Only here, at the foot of these craggy peaks, could you find an Italian hotel that looks for all the world like a Bavarian mountain lodge. Or at least a broadly Germanic one, as strictly speaking it’s a lot closer to Innsbruck than it is to any part of Bavaria — or to Venice for that matter, as long as we’re on the subject of geography.
It’s been family-owned for the better part of the last century — and in spite of that, it’s more cosmopolitan than quaint, as stylish and comfortable (and twice as characterful) as anything the ordinary luxury chains have cooked up. Rooms are somehow at once rustic and chic, the raw blond wood paneling mixing quite well with subtly artful Italian furnishings.
Its restaurant, Three MICHELIN Star restaurant St. Hubertus, also has a Green Star for its deep commitment to sustainability. Chef Norbert Niederkofler's motto is "cook the mountain”, and although the hotel doesn't have its own garden, the restaurant is so deeply entwined with local farmers and fisherpeople and adheres so strictly to seasonal ingredients that its cuisine remains properly farm-to-table.
São Lourenço do Barrocal is, first and foremost, a 200-year-old, 2,000-acre agricultural estate in Portugal’s spectacular Alentejo countryside. Today, the estate is still an organic farm, producing wine, fruits, and other foodstuffs, but much of its infrastructure has been put to new use as a tranquil and quietly stylish luxury boutique hotel — barns, outbuildings, even an olive press have been transformed for use as hotel rooms, suites, cottages, and a spa, while the stables contain horses for guests’ use.
Though most of the interior spaces are newly built, they blend contemporary furnishings and comforts with reminders of the estate’s history in the form of maps, artworks, antiques, and original architectural details. The only reminders of the 21st century are modern conveniences like heated bathroom floors, Nespresso machines, Marshall bluetooth sound systems, and USB outlets.
The two restaurants, São Lourenço do Barrocal and Hortelão, are singularly focused on the local culinary tradition, sourcing all of their ingredients locally (like charcuterie and cheese from nearby farmers), many of them from the hotel's farm itself. The orchard is filled trees heavy with apples, pears, peaches, oranges, figs, and cherries; expansive fields are planted with all manner of vegetables and herbs.
Pantrepant is the 800-acre organic farm 30km outside Montego Bay that supplies three Jamaican resorts with their fruit, vegetables, herbs, dairy, and meat. The orchard heaves with trees and bushes heavy with coconuts, mangos, Jamaican apples (rose apples), naseberries, pineapple, papaya, Jamaican/Ethiopian apple, oranges, and naseberry. Eggs come from the farm's chickens; butter and ice cream are made with milk from the property's cows. Among the many vegetables grow callaloo, broccoli, cauliflower, lettuces, and bok choy. Nearly everything you eat at GoldenEye, Strawberry Hill, and the Caves is from Pantrepant, and what's not is local.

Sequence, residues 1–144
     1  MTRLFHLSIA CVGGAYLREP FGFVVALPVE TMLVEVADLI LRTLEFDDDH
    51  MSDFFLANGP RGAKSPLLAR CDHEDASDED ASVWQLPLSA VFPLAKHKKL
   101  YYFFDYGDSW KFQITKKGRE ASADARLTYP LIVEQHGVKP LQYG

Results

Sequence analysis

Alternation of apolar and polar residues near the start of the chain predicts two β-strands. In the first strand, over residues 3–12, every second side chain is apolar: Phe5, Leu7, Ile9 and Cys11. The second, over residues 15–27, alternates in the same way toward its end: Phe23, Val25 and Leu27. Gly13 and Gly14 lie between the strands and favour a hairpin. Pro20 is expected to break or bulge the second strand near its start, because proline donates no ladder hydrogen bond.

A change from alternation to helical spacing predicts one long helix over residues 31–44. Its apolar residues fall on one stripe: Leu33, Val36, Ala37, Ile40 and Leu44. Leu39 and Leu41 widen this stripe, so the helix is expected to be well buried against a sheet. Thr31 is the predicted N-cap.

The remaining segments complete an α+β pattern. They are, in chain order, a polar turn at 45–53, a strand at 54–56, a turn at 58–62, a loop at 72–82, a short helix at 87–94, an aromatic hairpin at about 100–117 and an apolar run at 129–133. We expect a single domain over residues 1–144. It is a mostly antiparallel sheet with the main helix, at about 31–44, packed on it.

GoldenEye was Ian Fleming’s estate on the island’s north coast, just down the road from Noël Coward’s place, and the desk in the flagship Fleming Villa is where he sat down to write all fourteen of his James Bond novels. The original five villas are still intact on this gorgeous plot of coastal land, a bluff facing an empty cove a few miles to the east of Ocho Rios. That was always enough for a modestly festive sort of atmosphere, but eleven brand-new cottages and six new lagoon-facing suites have upped the sociability quotient considerably. The old GoldenEye was a semi-private escape for a smallish contingent of style-seekers and creative types — the new GoldenEye is as chill as ever, just a touch more accessible.
Though the original Georgian house on Strawberry Hill was destroyed in the hurricane of 1988, the new building maintains a traditional feel. The bungalows are built to meticulous nineteenth-century specifications. You sleep in mahogany four-poster beds shrouded in muslin, and gaze out at the stunning mountain landscape while swinging in your hammock. It epitomizes bygone colonial living at its finest, the perfect place to have a rum punch and wear white linen. The resort was a salon for the likes of Bob Marley and the Rolling Stones, so, continuing in the tradition, guests are encouraged to mingle, debate, and jam.
The Caves is a collection of twelve private cottages atop a cliff, overlooking the ocean, with plenty of jumping-off points to impress one’s companion and other guests. For those with a beach fetish, consider this: the sea looks better from higher up, and at The Caves it becomes your own private pool. Below, in the cliffside, are natural volcanic caves and grottos which can be explored whilst swimming, or set up for private candlelight dinners.